Scratch cards – the sequel Marcus Wilson Sep 21

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At the end of last week I talked about watching the use of multiple choice scratch cards in an electronics tutorial. Well, on Monday afternoon, I tried them out myself, with two different groups of students. It was a first-year physics class – I have two tutorial groups of these, the first on Mondays from 3-4 pm; the second immediately following, 4-5 pm. 

Now, my experience with the first group was similar to what I saw last week – more talking than usual as students worked out the correct answer and discussed it with each other. And that’s good. They all participated – they all got to think through things themselves – and certainly for some of them learning was happening.

However, I was a bit surprised by how the second group took it. They had a different response; they seemed to take it as a very serious individual exercise – hardly any talking or sharing of responses. They were after marks that were better than anyone else’s, even though what they got counted for nothing as far as the final course grade goes.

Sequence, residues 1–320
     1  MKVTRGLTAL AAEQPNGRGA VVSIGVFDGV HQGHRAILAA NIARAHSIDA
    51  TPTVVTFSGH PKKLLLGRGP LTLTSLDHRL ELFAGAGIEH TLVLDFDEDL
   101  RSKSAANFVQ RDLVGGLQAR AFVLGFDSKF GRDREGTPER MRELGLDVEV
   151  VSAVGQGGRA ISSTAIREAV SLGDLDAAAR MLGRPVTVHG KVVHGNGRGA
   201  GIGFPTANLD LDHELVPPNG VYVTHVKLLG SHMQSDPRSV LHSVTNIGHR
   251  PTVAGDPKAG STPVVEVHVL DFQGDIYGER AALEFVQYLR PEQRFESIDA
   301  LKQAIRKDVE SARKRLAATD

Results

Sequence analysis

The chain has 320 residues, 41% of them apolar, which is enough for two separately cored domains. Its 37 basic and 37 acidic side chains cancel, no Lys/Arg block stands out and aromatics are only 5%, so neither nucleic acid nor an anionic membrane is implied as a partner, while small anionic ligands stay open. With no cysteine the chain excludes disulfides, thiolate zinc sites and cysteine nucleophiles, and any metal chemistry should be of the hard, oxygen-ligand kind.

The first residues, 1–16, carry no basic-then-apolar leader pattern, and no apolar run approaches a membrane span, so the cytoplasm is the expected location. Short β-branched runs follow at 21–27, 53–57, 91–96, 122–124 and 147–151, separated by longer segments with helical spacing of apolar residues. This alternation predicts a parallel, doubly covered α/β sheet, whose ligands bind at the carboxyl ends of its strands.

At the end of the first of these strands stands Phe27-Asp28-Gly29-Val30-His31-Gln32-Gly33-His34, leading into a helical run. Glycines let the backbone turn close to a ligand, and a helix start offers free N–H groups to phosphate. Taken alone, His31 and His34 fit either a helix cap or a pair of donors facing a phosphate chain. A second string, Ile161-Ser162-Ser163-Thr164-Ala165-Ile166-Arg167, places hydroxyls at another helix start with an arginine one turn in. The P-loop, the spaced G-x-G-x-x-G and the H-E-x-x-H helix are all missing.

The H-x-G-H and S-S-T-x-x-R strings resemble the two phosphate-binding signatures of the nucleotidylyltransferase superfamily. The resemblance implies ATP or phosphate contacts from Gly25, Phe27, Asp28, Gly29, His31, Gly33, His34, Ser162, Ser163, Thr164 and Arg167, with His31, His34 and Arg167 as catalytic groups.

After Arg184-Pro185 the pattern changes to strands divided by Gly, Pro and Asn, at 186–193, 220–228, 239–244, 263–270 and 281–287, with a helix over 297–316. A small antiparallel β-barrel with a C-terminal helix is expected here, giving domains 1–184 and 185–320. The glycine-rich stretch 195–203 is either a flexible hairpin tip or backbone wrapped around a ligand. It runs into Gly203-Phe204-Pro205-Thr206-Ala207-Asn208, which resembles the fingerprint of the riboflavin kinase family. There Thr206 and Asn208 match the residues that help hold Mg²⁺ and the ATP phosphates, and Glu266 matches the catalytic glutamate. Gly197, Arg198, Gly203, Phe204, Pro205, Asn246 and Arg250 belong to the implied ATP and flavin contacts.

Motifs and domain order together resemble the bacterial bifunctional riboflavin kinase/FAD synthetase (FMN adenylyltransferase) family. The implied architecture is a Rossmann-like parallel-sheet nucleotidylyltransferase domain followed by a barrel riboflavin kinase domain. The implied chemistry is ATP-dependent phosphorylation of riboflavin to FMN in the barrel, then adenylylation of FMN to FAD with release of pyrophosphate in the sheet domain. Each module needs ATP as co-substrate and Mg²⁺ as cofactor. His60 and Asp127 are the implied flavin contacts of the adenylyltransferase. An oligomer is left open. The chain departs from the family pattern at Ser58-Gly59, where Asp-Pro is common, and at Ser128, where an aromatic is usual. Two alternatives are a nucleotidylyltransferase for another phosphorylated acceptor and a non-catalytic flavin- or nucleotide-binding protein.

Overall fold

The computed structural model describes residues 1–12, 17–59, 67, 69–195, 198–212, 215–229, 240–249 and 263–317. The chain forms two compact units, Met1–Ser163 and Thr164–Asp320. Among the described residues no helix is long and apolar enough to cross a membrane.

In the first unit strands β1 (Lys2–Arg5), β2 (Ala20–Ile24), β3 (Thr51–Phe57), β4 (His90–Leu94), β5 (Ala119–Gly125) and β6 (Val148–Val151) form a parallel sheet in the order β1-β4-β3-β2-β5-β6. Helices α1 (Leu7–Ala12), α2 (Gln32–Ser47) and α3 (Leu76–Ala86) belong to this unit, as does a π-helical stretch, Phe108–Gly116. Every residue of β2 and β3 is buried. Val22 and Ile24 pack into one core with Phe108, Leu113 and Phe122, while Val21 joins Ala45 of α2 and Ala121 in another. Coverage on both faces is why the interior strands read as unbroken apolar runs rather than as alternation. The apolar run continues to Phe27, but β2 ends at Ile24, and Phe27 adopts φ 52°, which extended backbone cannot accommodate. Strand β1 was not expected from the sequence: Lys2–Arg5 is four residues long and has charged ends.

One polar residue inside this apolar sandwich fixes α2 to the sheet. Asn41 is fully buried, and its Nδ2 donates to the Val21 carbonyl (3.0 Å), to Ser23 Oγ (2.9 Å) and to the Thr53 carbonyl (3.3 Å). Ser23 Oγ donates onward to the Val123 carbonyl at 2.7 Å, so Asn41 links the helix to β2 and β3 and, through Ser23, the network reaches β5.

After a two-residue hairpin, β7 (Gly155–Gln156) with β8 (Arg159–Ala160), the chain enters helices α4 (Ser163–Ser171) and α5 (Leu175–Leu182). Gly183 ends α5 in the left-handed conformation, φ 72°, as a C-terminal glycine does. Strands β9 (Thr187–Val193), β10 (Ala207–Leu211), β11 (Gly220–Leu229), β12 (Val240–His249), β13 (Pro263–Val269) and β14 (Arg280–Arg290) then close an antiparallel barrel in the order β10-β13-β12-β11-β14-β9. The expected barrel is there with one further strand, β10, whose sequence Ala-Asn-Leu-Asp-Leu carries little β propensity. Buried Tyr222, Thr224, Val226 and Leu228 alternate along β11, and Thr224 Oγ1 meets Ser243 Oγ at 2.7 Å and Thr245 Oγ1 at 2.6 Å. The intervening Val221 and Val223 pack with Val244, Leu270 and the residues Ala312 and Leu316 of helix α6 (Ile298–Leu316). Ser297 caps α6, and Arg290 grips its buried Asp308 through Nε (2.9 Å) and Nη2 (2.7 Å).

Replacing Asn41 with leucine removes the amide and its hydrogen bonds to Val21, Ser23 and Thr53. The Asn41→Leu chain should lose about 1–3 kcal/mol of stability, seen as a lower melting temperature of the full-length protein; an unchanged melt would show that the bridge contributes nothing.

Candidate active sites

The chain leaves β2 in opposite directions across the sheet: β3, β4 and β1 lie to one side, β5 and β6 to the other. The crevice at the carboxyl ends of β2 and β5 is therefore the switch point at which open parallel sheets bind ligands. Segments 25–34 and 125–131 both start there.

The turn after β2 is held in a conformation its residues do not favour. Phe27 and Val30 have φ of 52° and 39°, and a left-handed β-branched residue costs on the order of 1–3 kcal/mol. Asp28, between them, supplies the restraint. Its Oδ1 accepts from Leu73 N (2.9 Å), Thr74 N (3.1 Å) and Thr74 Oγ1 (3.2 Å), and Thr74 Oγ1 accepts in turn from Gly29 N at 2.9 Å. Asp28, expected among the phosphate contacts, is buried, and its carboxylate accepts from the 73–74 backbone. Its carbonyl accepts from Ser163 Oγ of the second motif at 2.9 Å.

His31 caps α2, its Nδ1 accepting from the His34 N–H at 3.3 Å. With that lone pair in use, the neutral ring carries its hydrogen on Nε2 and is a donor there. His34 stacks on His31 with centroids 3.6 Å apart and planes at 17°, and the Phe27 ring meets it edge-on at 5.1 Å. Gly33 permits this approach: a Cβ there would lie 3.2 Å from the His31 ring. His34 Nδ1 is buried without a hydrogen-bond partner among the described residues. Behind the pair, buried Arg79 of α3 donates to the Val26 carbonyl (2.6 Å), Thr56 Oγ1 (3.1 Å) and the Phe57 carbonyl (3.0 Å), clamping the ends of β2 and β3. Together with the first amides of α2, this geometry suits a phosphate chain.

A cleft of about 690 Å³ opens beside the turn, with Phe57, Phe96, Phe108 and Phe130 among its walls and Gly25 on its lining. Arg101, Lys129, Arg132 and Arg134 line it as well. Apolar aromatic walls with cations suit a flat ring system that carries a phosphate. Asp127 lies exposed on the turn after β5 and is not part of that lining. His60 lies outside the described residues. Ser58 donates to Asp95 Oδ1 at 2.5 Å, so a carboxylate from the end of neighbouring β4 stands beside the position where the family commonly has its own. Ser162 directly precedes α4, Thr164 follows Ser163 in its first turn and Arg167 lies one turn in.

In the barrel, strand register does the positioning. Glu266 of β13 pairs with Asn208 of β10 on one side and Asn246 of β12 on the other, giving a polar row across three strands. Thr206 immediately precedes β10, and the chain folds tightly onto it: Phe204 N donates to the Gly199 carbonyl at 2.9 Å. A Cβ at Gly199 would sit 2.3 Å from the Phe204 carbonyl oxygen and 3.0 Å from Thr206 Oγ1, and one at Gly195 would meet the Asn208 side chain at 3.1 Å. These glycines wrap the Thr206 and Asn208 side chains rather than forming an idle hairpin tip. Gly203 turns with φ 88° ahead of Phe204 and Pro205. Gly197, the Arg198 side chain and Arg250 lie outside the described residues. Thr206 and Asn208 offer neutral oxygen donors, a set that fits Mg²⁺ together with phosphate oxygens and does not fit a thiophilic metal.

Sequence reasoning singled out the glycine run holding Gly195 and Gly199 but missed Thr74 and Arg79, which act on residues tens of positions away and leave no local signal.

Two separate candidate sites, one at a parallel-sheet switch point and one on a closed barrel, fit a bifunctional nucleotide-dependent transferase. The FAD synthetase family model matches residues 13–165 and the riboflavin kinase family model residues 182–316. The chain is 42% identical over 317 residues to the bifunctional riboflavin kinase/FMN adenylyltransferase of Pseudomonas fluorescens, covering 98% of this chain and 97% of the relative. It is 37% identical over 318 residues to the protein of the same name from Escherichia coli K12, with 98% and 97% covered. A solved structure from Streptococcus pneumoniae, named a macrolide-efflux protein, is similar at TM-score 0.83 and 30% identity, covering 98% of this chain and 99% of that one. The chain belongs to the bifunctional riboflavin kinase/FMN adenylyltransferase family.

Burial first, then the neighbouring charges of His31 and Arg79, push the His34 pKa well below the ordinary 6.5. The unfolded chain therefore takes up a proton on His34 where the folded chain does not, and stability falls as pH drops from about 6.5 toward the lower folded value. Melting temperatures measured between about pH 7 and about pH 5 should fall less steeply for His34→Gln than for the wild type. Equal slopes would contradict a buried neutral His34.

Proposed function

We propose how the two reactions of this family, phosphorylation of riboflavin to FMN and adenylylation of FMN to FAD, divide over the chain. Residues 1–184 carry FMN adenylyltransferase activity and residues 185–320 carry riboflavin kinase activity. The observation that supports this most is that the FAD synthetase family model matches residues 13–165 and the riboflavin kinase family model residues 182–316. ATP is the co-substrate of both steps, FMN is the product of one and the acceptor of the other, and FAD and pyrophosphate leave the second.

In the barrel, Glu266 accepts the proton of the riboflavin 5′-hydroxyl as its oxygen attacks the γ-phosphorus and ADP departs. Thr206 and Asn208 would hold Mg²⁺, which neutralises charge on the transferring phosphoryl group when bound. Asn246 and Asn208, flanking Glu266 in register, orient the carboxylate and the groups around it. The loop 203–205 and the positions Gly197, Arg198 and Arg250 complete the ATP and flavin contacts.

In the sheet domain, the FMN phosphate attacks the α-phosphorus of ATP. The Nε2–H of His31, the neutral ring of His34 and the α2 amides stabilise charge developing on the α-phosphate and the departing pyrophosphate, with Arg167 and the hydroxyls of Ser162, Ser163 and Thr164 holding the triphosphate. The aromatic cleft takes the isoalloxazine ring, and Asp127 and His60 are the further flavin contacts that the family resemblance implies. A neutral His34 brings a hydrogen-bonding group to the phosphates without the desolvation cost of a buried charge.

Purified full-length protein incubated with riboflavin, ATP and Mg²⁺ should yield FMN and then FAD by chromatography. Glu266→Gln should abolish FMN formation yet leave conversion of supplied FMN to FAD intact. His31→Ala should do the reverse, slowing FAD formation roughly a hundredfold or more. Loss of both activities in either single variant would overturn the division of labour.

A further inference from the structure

Interestingly, when I asked the two groups whether they wanted the same kind of thing next week, the first group were rather ‘yeah-nah-yeah-whatever’ about it, while the second were all for it.

Not sure what to make of it all – except I’ll do it again next time.

The end of cold dark matter? Marcus Wilson Sep 20

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There have been recent murmurings that Cold Dark Matter (CDM) is in trouble. Dark matter is stuff that is hypothesized to make up a fair chunk (23%-ish) of what is in the universe (as opposed to normal matter – the stuff we ‘see’ and experiment with – which may make up only 5% what’s in the universe). The remaining 72%-ish would be ‘Dark Energy‘  – more bizarre still. 

The key word here is ‘hypothesized’. No-one has seen dark matter – that’s one of the problems with it – being dark it is almost by definition undetectable and so very very hard to research.  The reason it is believed to exist is that, if you look at how galaxies move, there just isn’t enough visible matter to account for it. Well, not according to our best current theories, anyway.  It’s hoped that the Large Hadron Collider will give some evidence for its existence, but, so far, nothing. (Interestingly, the LHC hasn’t given us anything startling at all yet, but that might come with time.)